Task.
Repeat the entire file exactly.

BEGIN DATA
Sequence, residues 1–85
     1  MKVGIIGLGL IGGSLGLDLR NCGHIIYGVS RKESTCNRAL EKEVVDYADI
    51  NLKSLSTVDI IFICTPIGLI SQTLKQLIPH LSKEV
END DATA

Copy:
Sequence, residues 1–85
     1  MKVGIIGLGL IGGSLGLDLR NCGHIIYGVS RKESTCNRAL EKEVVDYADI
    51  NLKSLSTVDI IFICTPIGLI SQTLKQLIPH LSKEV